As yesterday marked the death in 1536 of Anne Boleyn, executed after being found guilty of treason and adultery, I have been thinking a lot about the events that led to her death.
The trial was, as everyone now accepts, a show trial designed to get rid of a woman who stood in the way of Henry’s wish for a break from the religious controversies and desire for a new wife.
I think her trial and death was part of the darkening atmosphere of the Tudor court as Henry slid towards tyranny and madness. Our cheerful picture of the jolly fat Tudor king must be revised to see him as a serial killer, a domestic abuser, and a political tyrant…I think of Anne’s death as that of a woman who had no escape from her husband’s narcissistic desire for revenge – Philippa Gregory 4
Gregory had, at the time of writing, just completed her final book in the Cousins War series, The King’s Curse. The subject of her book is Margaret Pole, who was judicially murdered by Henry VIII at the age of 67, her head struck from her frail and elderly body with an axe. It is hardly surprising Gregory was not feeling charitable towards Henry on the anniversary of Anne Boleyn’s judicial murder.
So why the upset? Gregory’s boundless enthusiasm for magic, witchcraft and artfully re-arranging the facts, combined with the popularity of her novels, has made her a target of many serious history buffs. Therefore even when she is making a personal, yet perfectly fair statement it is reflexively ill-received. Even when she is critical of a man who murdered his wife. It is absurd that a writer who has spent over a decade of her life writing about the various women that Henry VIII murdered should take a sympathetic stance towards him. Gregory pulls no punches with Henry VIII. She has never presented a flattering portrait of his crimes, and indeed, there seems to be no reason that she should.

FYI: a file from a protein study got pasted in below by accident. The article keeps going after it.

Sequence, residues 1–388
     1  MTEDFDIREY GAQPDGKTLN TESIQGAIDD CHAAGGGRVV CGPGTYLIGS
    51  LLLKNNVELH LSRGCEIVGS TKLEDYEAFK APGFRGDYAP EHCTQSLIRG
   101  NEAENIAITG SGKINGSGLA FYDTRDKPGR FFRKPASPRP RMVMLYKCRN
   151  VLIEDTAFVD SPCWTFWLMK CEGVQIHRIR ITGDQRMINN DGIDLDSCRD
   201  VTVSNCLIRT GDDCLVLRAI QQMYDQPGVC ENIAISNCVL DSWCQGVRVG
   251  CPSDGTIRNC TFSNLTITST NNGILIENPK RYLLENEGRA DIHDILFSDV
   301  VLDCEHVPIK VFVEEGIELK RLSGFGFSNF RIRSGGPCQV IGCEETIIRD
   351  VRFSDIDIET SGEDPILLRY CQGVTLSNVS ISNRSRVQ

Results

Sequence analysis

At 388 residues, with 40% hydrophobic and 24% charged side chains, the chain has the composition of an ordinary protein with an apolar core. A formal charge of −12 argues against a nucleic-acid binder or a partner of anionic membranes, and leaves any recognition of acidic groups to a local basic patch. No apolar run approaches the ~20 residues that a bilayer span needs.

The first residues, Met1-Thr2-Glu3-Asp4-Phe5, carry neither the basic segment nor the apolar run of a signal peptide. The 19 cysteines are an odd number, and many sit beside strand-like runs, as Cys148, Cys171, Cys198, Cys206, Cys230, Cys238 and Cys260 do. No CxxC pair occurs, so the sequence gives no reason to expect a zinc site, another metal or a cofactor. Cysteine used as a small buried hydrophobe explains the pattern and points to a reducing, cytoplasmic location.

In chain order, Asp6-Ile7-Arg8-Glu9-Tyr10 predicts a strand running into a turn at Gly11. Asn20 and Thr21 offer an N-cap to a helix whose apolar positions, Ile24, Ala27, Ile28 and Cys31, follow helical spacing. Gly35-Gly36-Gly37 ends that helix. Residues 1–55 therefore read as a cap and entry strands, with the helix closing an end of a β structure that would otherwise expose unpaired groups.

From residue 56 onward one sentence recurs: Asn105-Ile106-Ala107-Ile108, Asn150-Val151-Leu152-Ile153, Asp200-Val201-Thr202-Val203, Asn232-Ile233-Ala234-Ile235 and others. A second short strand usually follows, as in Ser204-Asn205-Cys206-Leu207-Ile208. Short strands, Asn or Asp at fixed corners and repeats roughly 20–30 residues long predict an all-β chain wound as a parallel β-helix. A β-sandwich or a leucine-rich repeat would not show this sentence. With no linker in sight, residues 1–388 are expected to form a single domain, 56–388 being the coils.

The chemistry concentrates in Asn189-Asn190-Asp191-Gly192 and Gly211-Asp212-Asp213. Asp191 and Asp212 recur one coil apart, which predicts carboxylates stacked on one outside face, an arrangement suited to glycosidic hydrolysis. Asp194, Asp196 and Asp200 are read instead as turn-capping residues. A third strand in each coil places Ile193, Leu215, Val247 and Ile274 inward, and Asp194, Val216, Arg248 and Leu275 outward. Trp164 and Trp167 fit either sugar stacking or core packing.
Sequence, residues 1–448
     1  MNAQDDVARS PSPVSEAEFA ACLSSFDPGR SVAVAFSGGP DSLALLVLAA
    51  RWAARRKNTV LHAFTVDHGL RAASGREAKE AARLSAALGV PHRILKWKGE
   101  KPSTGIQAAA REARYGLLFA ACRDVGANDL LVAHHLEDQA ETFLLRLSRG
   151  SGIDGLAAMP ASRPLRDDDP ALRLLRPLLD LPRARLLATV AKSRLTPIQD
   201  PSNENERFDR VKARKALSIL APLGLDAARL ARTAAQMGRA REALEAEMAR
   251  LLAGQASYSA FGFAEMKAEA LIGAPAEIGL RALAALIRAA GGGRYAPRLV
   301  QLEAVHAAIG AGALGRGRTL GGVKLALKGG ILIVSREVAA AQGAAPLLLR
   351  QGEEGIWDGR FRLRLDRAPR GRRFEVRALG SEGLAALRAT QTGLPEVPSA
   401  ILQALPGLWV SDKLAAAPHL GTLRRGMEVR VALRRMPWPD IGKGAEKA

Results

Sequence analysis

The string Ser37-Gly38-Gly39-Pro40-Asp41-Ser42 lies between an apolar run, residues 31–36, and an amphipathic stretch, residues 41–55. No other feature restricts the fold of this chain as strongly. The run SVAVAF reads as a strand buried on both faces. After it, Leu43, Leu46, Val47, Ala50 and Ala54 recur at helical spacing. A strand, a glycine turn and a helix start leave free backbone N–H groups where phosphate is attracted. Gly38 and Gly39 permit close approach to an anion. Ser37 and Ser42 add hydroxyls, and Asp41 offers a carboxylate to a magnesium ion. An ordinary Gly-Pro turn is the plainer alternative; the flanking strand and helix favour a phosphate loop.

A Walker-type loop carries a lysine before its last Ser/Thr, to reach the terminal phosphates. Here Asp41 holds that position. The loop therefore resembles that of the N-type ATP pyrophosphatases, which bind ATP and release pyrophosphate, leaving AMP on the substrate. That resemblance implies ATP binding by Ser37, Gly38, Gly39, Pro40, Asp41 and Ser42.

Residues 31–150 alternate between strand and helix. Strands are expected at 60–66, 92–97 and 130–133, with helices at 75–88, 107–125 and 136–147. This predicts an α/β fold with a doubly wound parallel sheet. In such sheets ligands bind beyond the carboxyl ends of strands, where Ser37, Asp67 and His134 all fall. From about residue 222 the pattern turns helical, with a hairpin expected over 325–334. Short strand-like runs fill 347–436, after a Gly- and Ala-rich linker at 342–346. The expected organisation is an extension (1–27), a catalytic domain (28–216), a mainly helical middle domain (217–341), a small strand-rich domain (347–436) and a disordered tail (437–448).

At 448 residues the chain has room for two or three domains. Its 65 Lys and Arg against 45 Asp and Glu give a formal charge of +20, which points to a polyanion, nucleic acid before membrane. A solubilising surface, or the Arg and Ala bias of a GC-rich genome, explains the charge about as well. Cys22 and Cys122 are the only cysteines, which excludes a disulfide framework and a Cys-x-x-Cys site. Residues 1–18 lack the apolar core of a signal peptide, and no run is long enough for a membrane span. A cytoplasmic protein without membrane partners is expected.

Gregory is a divisive sort of novelist, she has an incredibly large fan base, but also a reasonable amount of online detractors. Some readers make a meek public admission that they enjoy her books only to be shouted down about Gregory’s PhD – literature, not history! – and subjected to a lecture on why Gregory is arrogant, evil and responsible for spreading lies. Certainly Gregory’s publisher doesn’t clarify her PhD is in medieval literature often enough and Gregory calls herself a historian when she doesn’t have the academic qualifications; yet there are many cross-over skills between medieval literature and medieval history, such as the ability read early modern English, foreign languages, and the understanding of medieval culture.